Dear Mr Andrews, we need to talk about ducks

This is an open letter to Daniel Andrews, the premier of Victoria, Australia.

Dear Mr Andrews,

A bill to ban duck shooting in our state was introduced to parliament in March this year by the member for Western Victoria in the upper house, Andy Meddick of the Animal Justice Party.

I am hoping that you and your government support the bill in the debate that will follow its second reading.

I feel the issue is straightforward.

In December 2017, your government released its Animal Welfare Action Plan.

In her foreword to the plan, former agriculture minister Jaala Pulford stated (with my underlines) that we all have a role to play in ensuring the welfare of pets, farm animals and wild animals.

Similarly, the minister’s ambassador for animal welfare, Lizzie Blandthorn, stated that we must protect animals from cruelty and support their quality of life, including on farms and in their natural environment.

The stated vision of the plan was “a Victoria that fosters the caring and respectful treatment of animals”.

In its 2017 biodiversity plan, “Protecting Victoria’s Environment – Biodiversity 2037“, the state’s Department of Environment, Land, Water and Planning expressed the view that “native plants and animals have an intrinsic right to exist, thrive and flourish”.

In its 2018 “Living with Wildlife Action Plan“, the department stated: “Victoria’s native wildlife species are a unique and important part of the landscape. The Victorian Government is committed to the conservation of Victoria’s wildlife and has developed this Action Plan to address some key areas that require improvement.”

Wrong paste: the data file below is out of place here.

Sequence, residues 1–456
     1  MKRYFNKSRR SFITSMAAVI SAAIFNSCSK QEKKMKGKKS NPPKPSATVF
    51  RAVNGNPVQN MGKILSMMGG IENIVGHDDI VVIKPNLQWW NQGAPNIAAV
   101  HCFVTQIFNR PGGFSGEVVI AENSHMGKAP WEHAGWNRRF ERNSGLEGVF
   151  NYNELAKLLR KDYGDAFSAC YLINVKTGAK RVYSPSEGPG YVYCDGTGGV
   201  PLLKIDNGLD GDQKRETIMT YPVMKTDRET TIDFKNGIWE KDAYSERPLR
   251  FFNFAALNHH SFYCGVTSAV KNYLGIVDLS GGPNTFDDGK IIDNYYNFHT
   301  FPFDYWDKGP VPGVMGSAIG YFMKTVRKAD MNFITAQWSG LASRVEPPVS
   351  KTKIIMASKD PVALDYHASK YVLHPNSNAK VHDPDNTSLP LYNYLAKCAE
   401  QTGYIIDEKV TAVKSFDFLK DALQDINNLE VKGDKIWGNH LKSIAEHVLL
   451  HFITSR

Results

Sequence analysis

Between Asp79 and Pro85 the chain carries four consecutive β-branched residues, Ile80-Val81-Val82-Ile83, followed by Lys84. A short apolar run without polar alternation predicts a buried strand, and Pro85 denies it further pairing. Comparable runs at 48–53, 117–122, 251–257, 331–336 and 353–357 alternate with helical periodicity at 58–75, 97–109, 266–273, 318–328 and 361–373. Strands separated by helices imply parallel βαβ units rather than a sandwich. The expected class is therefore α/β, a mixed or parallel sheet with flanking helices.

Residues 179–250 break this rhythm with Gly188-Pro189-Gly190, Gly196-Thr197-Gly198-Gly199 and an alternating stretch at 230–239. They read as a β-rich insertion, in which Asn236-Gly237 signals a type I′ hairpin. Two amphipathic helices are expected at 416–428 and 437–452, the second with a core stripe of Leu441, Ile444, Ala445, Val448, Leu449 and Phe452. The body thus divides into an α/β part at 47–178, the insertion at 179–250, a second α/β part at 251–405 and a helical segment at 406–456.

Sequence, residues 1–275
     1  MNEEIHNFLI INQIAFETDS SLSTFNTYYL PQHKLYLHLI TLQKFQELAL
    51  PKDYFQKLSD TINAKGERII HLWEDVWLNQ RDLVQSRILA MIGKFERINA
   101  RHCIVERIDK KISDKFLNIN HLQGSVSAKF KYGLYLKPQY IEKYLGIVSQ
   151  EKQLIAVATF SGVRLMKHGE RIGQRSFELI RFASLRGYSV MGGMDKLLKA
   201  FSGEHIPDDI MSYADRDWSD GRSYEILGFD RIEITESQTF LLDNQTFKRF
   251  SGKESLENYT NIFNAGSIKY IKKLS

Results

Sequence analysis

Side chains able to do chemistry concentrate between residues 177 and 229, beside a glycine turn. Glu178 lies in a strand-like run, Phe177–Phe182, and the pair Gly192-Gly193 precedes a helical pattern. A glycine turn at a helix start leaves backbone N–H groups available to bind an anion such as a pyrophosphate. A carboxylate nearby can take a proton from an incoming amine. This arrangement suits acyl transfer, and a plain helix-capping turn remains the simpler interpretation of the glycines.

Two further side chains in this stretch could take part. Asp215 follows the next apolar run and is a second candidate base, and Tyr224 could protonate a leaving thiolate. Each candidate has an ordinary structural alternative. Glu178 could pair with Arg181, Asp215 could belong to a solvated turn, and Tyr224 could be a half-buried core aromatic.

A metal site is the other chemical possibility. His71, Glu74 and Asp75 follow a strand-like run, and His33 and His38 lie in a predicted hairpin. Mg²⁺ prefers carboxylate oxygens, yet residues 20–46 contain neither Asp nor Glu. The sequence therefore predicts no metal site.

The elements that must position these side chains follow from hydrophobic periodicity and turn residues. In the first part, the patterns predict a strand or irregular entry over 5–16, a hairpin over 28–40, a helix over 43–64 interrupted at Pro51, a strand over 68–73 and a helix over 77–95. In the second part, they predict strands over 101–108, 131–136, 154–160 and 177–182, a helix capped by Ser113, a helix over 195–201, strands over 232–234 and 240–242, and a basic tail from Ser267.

Despite those statements and vision, your government permits the shooting of ducks and other wild animals as “recreation”.

Allowing people to shoot animals “in their natural environment” is inconsistent with the notions of “caring and respectful treatment” and protecting animals from cruelty.

Duck shooting highlights the double standards that exist in our treatment of animals. How often have we seen media reports of a mother duck and her ducklings assisted in crossing a busy road? A duck who has been blasted from the sky may have had ducklings awaiting food, warmth and comfort that will never come. They will almost certainly perish in horrendous circumstances.

Many victims are members of species that are supposed to be protected. Many suffer horribly before dying.

All this is happening as the ducks’ habitat is being ravaged by climate change.

The 2018 Aerial Survey of Wetland Birds in Eastern Australia, with funding support from the Victorian government, reported continued long-term declines in total abundance, wetland area and breeding species richness.

My request is simple: that you and the government you lead act in accordance with your professed beliefs concerning native animals.

Please change your government’s policy and support the bill to ban duck shooting.

Kind Regards,

Paul Mahony


The letter was sent in email form, with copies to the minister for agriculture, Jaclyn Symes and the minister for energy, environment and climate change, Lily D’Ambrosio.

The email included hyperlinks but not the full references shown below.


Ed Dunens, “Morning stretch, Lake Wendouree. Ballarat”, Flickr, CC BY 2.0


Parliament of Victoria, Parliamentary Debates (Hansard), 59th Parliament, First Session, Tuesday 19th March 2019, p. 789,

Agriculture Victoria, Department of Economic Development, Jobs, Transport and Resources, “Animal Welfare Action Plan” (2017), pp. 3 & 6, (Accessed 28th July 2019)

The State of Victoria Department of Environment, Land, Water and Planning, “Protecting Victoria’s Environment – Biodiversity 2037” (2017), p. 6, (Accessed 28th July 2019)

The State of Victoria Department of Environment, Land, Water and Planning, “Living with Wildlife Action Plan” (2018), p. 5 (Accessed 28th July 2019)

Porter, J.L., Kingsford, R.T. & Brandis, K., “Aerial Survey of Wetland Birds in Eastern Australia – October 2018 Annual Summary Report”, Centre for Ecosystem Science, School of Biological, Earth and Environmental Sciences, UNSW and Office of Environment & Heritage NSW,

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